a=/ftplist\.txt/ # TotalCommander ftp upload file list (may contain credential information)
    a=/addrbk\.dat/ # TurboFTP password and settings file
    a=/wcx_ftp\.ini/ # Total Commander cached FTP credentials database
    a=/ws_ftp\.ini/ # WS_FTP client password and settings file
    a=/andrq\.ini/ # &RQ ICQ client password and settings file
    a=/account\.xml/ # Very generic name, used in various software
    a=/odigo\.com\.odu/ # Odigo instant messenger settings file
    a=/TheBee\.ini/ # Some “The Bee” software ini file, unclear which software it is

    # The following subgroup defines useless files that will not be taken.


    _s_fctime= /1990-01-01 01:02:03/ # files of group “s” after 1990-01-01 are interesting
    _s_max_size=/20000000/ # max size for group “s” is 20MB as well
    _s_min_size=/1/ # min size is 1 byte

    # Some patterns of filenames below seem to be related to some other malware seen on usb drives. It may contain stolen credentials, so they copy it as well.

    # This is a subgroup of various files with secrets, such as digital certificates, configs and password databases
    sa=/\\ACIDdirInstallv.*\.exe$/ sa=/\\Acid Technologies\\/ 
    # Probably this and above refers to Acid Cryptofiler military grade encryption software
    _f_fctime= /1999-02-03 02:03:07/

    a=/\.ttr$/ # maybe TTR Backup software?
    a=/\.tbe$/ # unclear
    a=/\.tte$/ # unclear
    a=/\._ok$/ # unclear
    a=/\.ki$/ # unclear
    a=/\.txr$/ # CorelDraw file?

    Config file may change during module work and there is a special thread that monitors config file changes and loads new configuration when it is changed.

    The module lists all available attached removable drives, iterates through all of them except A: and B: (reserved for floppy disks). It collects full file paths and file meta-information, compresses, encrypts and stores this in %TMP%\mrtdsync\win64esrt_* database. Additionally, files from the list of interest are copied to win64berts* files, which also have full information and body of the file. It is encrypted and compressed twice.

    There is a separate thread to monitor filesystem changes and every time new file/directory is created or changed on the monitored drives updated information goes to %TMP%\mrtdsync\win64esrt_* in separately spawned thread, additionally all changed or created files are copied to a new win64berts* file.

    This module works offline and doesn’t communicate with any other host on the network.

    6. Keyboard group

    Keylogger module

    Known variants:

    MD5 Compilation date (encrypted) Compilation date (payload)
    33bda0e77b840809e66e12d020e054c5 2011.04.14 12:00:26 (GMT) 2010.10.05 10:53:49 (GMT)
    3cb7318ed40239f7219d86343a17b54b 2011.05.10 07:45:02 (GMT) 2010.10.05 10:53:49 (GMT)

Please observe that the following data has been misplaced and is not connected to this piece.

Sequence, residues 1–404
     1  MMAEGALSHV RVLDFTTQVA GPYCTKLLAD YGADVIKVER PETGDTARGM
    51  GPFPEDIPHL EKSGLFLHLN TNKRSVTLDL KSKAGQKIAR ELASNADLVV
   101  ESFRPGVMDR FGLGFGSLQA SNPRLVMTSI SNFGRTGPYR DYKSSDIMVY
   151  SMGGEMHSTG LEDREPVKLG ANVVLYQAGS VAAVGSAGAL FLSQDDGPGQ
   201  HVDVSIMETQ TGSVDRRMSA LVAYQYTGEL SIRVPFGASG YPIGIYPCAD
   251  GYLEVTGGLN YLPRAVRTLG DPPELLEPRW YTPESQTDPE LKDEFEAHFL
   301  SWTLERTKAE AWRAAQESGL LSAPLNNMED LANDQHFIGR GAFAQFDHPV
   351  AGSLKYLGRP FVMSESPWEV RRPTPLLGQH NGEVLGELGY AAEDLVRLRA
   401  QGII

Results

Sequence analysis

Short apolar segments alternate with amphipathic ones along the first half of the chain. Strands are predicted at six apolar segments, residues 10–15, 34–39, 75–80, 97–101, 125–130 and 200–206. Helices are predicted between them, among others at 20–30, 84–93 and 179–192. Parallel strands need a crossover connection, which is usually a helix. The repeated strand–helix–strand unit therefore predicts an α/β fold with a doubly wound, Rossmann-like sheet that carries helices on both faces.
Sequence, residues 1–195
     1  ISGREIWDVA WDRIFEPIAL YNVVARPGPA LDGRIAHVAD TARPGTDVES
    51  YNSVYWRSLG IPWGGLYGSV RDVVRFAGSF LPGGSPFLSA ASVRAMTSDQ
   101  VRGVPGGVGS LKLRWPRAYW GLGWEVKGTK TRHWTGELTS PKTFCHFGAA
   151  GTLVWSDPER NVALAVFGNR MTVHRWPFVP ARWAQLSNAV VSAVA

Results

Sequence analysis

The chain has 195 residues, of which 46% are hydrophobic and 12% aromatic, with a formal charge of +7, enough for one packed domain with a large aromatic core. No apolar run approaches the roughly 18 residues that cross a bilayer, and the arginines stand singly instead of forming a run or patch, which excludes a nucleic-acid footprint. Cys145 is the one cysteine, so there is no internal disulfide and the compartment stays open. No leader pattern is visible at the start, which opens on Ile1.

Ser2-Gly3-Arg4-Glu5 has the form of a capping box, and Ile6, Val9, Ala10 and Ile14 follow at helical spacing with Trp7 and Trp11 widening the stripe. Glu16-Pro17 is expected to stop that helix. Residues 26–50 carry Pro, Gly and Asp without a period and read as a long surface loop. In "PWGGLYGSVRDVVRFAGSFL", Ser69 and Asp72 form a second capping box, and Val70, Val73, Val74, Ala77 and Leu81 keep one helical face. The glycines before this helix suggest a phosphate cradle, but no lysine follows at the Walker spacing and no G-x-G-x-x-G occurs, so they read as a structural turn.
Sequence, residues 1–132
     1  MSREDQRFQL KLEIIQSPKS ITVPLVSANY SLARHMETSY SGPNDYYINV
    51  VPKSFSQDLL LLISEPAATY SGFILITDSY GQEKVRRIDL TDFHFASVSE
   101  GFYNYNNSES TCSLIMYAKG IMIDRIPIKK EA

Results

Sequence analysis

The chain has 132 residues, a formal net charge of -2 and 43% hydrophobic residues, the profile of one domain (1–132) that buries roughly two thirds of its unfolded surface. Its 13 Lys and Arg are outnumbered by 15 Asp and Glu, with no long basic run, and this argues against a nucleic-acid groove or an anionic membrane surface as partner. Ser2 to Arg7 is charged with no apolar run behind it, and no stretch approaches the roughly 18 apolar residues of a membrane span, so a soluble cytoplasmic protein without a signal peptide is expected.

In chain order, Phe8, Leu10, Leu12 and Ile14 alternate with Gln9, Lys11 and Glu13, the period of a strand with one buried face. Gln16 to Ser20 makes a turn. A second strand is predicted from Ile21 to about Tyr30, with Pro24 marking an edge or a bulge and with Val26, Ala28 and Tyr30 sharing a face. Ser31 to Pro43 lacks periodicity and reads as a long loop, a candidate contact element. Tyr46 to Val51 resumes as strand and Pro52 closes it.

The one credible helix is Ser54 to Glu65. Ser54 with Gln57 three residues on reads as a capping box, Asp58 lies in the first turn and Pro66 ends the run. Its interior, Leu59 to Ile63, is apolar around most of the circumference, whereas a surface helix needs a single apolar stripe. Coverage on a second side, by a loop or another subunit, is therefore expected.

dfcce19f2852db652071088bf9461b4a 2011.05.10 07:44:55 (GMT) 2010.10.05 10:53:49 (GMT)
    6079a0746e76c1090dc110e08de645e2 2011.05.20 11:00:18 (GMT) 2010.10.05 10:53:49 (GMT)
    57897c997c699135b9460c0be7a4b27e 2011.10.10 07:59:41 (GMT) 2010.10.05 10:53:49 (GMT)
    ecc7a5ef3f5e92f0c7da0bef8d392b5f 2011.05.12 10:47:39 (GMT) 2010.10.05 10:53:49 (GMT)

    The file is a PE EXE file, compiled with Microsoft Visual Studio 2005. Its main purpose is to log keystrokes, copy input texts and make screenshots.

    Main function

    Opens and Creates Event WIN_%08X%08X%08X%08X%08X (SHA1(first 512 bytes of self file)), if exists, terminates. Sets in AutoRun, using the following registry keys:

    “Mspmr32” = %Path to the module%

    Deletes file “Keylogger.log” (this filename is not used anywhere else). Registers a window class with RegisterClassEx API using ClassName “svchost.exe“, assigns a window procedure that implements main module functionality. Creates window with CreatWindowEx API using ClassName “svchost.exe“, window name “svchost” and associates it with a registered class.

    Registers a device with RegisterRawInputDevices API and associates it with created window with a flag RIDEV_INPUTSINK which enables the caller to receive the input even when the caller is not in the foreground.

    Window procedure

    All the logging actions are implemented basing on receiving WM_INPUT window message, if raw input for GetRawInputData API comes from keyboard and GetRawInputData received WM_KEYDOWN message.

    Collected information

    It collects some general information about current user and opened windows/processes:

    Foreground window text or WT_UNKNOWN
    Module FileName or MN_UNKNOWN
    Foreground window class name

    It is capable of making full desktop screenshots, copying clipboard data of password input fields (to check a window EM_GETPASSWORDCHAR is sent to the window).

    If “Shift+Insert”, “Ctrl+C”, “”Ctrl+V”,”Ctrl+X”, “Ctrl+Insert” is pressed then it copies clipboard data.

    Creates File %TMP%\SSDPserv32\ssdtrbs%08x%.sys.%d% (%08x – Random Hex value, %d – time64()). All the collected information is compressed with Zlib and RC4 encrypted with the key “qefwljkfnw3l;fjwe;fklwejfw;eflkwe;flwe”and written to this file.

“Red October”. Detailed Malware Description 3. Second Stage of Attack

Your email address will not be published. Required fields are marked *



APT trends report Q1 2024

The report features the most significant developments relating to APT groups in Q1 2024, including the new malware campaigns DuneQuixote and Durian, and hacktivist activity.

Subscribe to our weekly e-mails

The hottest research right in your inbox